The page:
I found Pink Ribbons, Inc, which I reviewed at Toronto, so fascinating that I had to follow-up on it. My grandmother died of breast cancer that we thought was cured, but that suddenly came back aggressively a couple decades after we thought she was done with it, metastasizing into her lung and ending her life very rapidly. We have a family history of breast cancer, so as a person with those particular lady parts, and three daughters who will also carry that genetic risk of potential breast cancer down the road, this is a topic that’s pertinent to me. And my own experience with being very ill in late 2009-early 2010 drove home for me even more the need to think about causes and prevention and what I can do to ensure my own continued good health for a long time.
So I followed up with one of the activists featured prominently in the film, Barbara Brenner, former Executive Director of the activist group Breast Cancer Action, who now blogs regularly on her own site, Healthy Barbs. Barbara was diagnosed with Breast Cancer in 1993, helmed BCA for 15 years, and currently writes a lot about things like research, environmental causes related to cancer, and her own struggles now in dealing with ALS. Her recent post on what she’s gone through by agreeing to participate in a clinical trial for a new drug for ALS treatment is particularly harrowing.
Barbara very kindly pointed me to a lot of information about her work with Breast Cancer Action and agreed to an email interview to provide some clarification about why she feels so strongly that “pinkwashing” the issue of breast cancer is detrimental.
Kim Voynar: What kind of response or backlash have you gotten from the Susan G. Komen Foundation, Avon, Estee Lauder, and the like with regard to the BCAs activism? I’ve been trying to research what exactly those organizations are funding with regard to actual research and results, and I’m having a hard time digging anything up that feels entirely substantial.
Barbara Brenner: Your difficulty in finding substantial information about research and results is exactly the problem that we all have. All the organizations that fund research are delighted to tell you how much they have invested in research, but rarely do they tell you the outcome of that research. This is a point Ellen Leopold makes elegantly in the film, I think: for all that’s been invested, why don’t the organizations tell us what they have to show for the investment. Probably because, for all that’s been invested, we have very little to show for it. If you look at Herceptin, for example, that was probably the biggest breakthrough in drug treatment in the last 20 years, and every funding agency I know of claimed to have been involved in funding it. And they probably were, since research is
so expensive and not coordinated, researchers have to go to a lot o sources to get the funding they need.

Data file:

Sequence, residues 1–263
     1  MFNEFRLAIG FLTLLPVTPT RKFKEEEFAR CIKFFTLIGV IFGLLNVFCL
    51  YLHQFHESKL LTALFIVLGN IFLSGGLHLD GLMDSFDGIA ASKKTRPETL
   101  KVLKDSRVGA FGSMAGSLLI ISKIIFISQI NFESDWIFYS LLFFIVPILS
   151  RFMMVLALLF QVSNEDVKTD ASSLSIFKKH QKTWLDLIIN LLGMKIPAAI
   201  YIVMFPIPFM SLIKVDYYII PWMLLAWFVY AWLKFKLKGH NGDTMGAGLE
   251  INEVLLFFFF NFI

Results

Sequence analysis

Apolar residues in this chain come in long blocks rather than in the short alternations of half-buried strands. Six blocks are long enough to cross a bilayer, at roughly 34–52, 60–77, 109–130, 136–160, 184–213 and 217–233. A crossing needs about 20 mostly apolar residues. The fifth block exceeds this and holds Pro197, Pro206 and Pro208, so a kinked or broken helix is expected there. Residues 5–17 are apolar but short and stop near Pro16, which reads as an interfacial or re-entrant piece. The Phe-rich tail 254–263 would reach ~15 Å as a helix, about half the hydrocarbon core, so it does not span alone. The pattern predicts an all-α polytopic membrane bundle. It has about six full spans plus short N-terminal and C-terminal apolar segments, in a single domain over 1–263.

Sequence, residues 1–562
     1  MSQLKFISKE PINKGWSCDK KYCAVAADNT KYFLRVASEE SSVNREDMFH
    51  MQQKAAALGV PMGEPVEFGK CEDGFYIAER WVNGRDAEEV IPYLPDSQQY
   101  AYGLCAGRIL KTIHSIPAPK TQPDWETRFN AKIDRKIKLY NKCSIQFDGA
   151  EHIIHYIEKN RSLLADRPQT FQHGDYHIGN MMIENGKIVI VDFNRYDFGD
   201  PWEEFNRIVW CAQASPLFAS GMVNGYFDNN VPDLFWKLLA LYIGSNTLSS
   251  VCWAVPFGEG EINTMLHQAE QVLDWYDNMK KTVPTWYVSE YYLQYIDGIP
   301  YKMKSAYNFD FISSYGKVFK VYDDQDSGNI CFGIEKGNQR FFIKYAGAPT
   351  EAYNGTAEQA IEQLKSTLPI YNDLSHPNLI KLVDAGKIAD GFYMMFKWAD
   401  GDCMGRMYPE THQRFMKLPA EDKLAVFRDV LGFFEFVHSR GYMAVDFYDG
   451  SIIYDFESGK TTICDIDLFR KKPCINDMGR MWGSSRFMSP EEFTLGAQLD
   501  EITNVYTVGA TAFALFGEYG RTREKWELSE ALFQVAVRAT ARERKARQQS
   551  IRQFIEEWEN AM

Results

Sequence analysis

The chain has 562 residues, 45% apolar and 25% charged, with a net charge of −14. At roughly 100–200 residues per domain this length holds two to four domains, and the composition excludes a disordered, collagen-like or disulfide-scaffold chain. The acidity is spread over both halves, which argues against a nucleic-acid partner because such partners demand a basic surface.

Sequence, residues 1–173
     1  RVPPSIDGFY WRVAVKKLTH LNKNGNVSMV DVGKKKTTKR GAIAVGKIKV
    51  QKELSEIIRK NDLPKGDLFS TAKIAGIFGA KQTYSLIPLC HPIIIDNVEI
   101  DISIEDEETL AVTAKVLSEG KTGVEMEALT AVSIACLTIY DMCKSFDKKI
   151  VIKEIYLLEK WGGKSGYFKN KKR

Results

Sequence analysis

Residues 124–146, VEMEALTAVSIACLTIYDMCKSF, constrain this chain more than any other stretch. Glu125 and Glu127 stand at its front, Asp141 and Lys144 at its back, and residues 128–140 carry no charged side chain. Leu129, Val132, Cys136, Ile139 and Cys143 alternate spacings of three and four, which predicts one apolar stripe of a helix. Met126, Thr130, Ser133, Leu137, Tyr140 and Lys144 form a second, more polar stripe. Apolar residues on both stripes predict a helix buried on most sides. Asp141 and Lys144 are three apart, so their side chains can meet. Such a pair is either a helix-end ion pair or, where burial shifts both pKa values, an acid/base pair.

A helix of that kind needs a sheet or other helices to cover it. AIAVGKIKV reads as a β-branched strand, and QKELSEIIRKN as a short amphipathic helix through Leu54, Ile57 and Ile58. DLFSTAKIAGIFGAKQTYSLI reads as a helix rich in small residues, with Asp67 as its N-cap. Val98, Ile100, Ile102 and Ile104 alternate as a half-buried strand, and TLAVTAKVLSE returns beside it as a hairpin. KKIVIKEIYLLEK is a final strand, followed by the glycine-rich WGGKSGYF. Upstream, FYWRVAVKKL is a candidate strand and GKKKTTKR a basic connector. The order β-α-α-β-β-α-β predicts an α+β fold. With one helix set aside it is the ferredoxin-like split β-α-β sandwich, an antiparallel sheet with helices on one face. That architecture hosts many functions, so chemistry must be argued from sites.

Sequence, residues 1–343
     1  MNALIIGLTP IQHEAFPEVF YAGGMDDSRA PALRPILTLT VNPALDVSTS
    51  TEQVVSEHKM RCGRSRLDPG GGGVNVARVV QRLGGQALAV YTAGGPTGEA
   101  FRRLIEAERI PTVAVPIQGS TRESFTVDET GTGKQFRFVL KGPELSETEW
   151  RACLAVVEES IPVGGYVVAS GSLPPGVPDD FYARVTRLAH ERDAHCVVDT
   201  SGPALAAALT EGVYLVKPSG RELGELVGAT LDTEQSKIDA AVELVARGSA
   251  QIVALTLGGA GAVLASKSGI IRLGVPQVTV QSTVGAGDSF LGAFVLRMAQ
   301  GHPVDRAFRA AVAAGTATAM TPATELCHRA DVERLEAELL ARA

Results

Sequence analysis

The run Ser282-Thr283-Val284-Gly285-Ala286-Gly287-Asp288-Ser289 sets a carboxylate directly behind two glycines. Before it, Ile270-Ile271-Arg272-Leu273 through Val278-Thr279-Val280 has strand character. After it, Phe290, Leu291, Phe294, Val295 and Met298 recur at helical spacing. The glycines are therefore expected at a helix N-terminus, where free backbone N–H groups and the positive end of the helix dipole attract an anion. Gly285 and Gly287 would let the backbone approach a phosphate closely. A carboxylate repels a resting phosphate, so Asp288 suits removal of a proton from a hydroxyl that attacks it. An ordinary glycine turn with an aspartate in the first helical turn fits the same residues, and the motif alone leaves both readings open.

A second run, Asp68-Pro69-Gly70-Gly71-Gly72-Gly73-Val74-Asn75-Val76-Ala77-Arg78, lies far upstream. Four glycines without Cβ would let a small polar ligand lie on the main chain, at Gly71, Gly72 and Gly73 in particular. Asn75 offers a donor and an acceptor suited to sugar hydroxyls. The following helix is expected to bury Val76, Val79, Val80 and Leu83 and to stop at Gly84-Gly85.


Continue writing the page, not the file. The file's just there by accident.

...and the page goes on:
BCA did a campaign some years ago urging the funding agencies to work together. We called it “answers wanted.” You can see it here. The campaign was unsuccessful because, though the agencies each answered the emails encouraging them to work with each other, they all claimed to be doing that, though how they claimed to do it in very different ways. The responses themselves were a testament to the extent of the problem.
As for backlash, different organizations have responded differently. Komen and BCA are polar opposites, and Komen leadership believes that Think Before You Pink (TB4UP) is about them. I heard that from a PR Week reporter in 2002 when we launched the campaign. As I told that reporter, the campaign is about all cause marketing, Komen put itself in harm’s way on that score. When BCA pushed Komen on environmental links and pinkwashing, they responded either with bad science on environmental links, or completely defensively, as they did with BCA’s “What the Cluck?” Campaign about their KFC partnership. They are so big that they don’t really have to answer to anyone.
Avon is different story. BCA took on Avon starting in 2000 when I wrote a column entitled “Exercise Your Mind” encouraging people to think about how the money was raised and spent from breast cancer walks. You can find the column in an archived BCA Newsletter: . That column then ran as an op ed in the San Francisco Chronicle. Then we started hearing from other organizations who had issues with Avon’s walks, so we formed a “Follow the Money” coalition that approached Avon about changing some of their practices. We met with company reps and asked nicely. That didn’t work — they shined us on. So we started demonstrating at their walks and doing shareholder activism. That had some impact — they changed the event coordinator of their walks. But it was not until a new guy came in at Avon — Marc Hurlbert (he’s also in the film, saying a couple of not true